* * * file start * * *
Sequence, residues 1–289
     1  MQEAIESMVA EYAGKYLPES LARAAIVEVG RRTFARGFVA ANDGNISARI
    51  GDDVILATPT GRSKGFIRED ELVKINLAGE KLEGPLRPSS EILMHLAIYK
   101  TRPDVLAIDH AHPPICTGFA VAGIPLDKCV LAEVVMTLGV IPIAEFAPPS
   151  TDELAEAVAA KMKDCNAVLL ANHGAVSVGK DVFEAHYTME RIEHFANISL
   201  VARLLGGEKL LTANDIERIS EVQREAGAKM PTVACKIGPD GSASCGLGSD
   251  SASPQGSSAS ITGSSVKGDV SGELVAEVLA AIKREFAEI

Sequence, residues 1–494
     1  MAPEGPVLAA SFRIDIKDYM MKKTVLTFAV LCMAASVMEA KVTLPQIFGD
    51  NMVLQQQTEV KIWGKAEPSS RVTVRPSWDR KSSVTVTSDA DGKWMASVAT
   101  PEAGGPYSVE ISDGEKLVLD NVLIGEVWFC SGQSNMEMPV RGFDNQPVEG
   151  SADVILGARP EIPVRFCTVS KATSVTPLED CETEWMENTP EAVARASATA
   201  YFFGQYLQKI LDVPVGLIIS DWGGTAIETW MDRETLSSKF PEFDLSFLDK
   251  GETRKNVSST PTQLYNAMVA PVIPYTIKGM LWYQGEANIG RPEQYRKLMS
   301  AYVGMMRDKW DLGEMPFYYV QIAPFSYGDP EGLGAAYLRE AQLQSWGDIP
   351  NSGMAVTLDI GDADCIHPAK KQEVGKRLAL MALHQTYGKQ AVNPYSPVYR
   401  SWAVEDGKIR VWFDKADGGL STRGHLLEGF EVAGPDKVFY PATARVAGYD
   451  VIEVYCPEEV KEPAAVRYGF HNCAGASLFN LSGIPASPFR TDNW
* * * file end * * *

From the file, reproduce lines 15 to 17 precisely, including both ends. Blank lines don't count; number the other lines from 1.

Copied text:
   301  AYVGMMRDKW DLGEMPFYYV QIAPFSYGDP EGLGAAYLRE AQLQSWGDIP
   351  NSGMAVTLDI GDADCIHPAK KQEVGKRLAL MALHQTYGKQ AVNPYSPVYR
   401  SWAVEDGKIR VWFDKADGGL STRGHLLEGF EVAGPDKVFY PATARVAGYD